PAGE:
Lecture by John Baines, University of Oxford <br> Reception following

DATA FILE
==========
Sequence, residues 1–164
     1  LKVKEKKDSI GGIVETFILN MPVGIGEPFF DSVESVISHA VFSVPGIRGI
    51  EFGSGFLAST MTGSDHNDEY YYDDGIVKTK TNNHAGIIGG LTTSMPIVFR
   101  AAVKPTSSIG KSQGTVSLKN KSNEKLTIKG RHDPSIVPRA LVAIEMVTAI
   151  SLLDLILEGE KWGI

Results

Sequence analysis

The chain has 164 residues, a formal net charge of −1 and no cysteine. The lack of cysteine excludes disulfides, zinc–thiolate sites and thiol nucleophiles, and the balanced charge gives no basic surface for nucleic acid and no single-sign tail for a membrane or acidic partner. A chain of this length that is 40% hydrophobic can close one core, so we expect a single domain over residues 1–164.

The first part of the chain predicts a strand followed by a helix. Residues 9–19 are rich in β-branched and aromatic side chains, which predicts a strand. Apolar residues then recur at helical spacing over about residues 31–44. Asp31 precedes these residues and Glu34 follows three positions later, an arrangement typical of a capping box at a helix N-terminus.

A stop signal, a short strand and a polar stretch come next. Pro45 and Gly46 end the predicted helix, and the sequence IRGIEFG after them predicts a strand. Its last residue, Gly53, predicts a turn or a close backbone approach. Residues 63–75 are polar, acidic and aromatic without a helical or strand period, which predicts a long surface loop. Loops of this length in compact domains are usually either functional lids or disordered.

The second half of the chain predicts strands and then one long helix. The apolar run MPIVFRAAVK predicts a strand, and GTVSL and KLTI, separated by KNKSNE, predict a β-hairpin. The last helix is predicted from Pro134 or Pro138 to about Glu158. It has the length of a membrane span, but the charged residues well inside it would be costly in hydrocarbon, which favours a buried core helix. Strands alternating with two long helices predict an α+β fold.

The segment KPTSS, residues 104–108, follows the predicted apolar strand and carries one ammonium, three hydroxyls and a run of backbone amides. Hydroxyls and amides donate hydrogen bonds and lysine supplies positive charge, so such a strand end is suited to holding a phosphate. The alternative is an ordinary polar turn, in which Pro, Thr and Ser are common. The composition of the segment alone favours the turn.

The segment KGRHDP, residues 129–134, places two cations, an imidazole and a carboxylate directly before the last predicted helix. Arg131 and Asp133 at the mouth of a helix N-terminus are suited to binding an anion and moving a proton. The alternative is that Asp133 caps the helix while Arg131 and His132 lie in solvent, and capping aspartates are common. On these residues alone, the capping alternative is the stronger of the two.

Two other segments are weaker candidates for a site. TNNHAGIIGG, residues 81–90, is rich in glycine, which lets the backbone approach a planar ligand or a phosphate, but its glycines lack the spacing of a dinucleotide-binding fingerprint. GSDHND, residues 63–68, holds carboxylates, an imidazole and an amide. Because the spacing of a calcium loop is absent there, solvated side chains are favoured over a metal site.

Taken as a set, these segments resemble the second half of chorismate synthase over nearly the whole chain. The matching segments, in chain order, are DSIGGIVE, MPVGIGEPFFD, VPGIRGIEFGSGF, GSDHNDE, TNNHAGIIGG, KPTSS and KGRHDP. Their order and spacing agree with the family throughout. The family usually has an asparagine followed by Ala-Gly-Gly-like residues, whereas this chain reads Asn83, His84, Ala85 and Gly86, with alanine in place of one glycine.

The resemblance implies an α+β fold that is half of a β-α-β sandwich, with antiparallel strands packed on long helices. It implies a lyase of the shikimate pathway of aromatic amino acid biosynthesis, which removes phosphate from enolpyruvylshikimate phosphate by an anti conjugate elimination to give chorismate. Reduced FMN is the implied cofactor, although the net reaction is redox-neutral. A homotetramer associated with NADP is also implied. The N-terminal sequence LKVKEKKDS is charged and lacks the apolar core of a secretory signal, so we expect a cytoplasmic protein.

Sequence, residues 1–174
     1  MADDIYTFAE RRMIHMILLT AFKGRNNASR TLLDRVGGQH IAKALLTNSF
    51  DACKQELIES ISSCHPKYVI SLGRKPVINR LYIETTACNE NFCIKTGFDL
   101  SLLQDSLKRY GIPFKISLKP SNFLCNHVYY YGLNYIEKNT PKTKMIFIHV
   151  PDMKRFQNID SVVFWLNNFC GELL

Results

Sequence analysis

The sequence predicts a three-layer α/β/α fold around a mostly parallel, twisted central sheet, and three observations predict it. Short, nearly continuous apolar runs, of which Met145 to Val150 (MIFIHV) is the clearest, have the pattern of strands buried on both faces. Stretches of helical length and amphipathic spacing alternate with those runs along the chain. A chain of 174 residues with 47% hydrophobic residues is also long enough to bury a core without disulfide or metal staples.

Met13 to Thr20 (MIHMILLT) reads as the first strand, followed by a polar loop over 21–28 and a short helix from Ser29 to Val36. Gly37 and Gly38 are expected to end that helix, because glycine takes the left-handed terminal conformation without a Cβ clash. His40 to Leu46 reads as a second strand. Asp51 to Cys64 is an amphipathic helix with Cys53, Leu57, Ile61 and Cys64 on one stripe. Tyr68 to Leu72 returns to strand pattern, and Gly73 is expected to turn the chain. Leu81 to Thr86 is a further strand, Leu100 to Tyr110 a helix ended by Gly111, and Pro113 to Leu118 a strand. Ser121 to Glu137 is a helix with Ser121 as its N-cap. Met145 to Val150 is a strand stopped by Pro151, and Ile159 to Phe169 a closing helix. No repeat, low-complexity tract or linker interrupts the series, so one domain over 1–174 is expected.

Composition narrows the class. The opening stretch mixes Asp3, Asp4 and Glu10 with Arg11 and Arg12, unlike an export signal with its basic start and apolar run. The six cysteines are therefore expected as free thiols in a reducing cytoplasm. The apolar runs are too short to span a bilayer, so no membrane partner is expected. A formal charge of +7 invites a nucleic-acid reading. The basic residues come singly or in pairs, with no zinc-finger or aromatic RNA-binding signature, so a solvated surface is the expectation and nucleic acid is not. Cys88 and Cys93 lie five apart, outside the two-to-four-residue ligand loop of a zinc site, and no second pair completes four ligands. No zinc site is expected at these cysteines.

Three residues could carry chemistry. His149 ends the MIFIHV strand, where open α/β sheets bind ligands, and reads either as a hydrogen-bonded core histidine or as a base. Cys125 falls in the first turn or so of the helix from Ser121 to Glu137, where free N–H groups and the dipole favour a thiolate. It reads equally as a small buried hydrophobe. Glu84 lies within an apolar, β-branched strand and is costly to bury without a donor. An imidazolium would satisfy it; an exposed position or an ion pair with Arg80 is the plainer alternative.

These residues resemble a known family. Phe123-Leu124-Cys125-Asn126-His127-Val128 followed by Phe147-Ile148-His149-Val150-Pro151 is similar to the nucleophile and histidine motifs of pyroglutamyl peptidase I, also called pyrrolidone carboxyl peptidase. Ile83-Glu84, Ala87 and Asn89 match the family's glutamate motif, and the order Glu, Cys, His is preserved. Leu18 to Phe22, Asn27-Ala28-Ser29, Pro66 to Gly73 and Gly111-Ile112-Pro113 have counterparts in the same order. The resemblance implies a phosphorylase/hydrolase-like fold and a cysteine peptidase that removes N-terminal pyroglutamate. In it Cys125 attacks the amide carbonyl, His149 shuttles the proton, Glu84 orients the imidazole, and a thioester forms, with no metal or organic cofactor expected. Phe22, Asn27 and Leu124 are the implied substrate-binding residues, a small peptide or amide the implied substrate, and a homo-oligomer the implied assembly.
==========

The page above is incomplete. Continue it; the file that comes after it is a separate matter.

Monumental architecture based on post construction and organic materials is well attested in Egypt from Naqada II times (ca. 3500 BCE) onward, as is the use of mudbrick. Buildings of the Dynastic period (from ca. 3000 BCE) constructed from brick or stone—notably temples—use a vocabulary that represents or evokes organic forms, as well as some in mudbrick, in many different ways. This representational pattern, which has parallels in many cultures, often implies possible functions for buildings and relates them to contexts in the wider environment that can hardly be uncovered by archaeology in the Nile Valley and Delta. Such possibilities can, however, be investigated through analysis of the structures themselves, through depictions of buildings, and through texts. Buildings constructed from organic materials, many of them intended only for ephemeral use, were probably vital for ancient social forms, especially those that brought different social groups together. Those buildings were also part of a wider managed environment.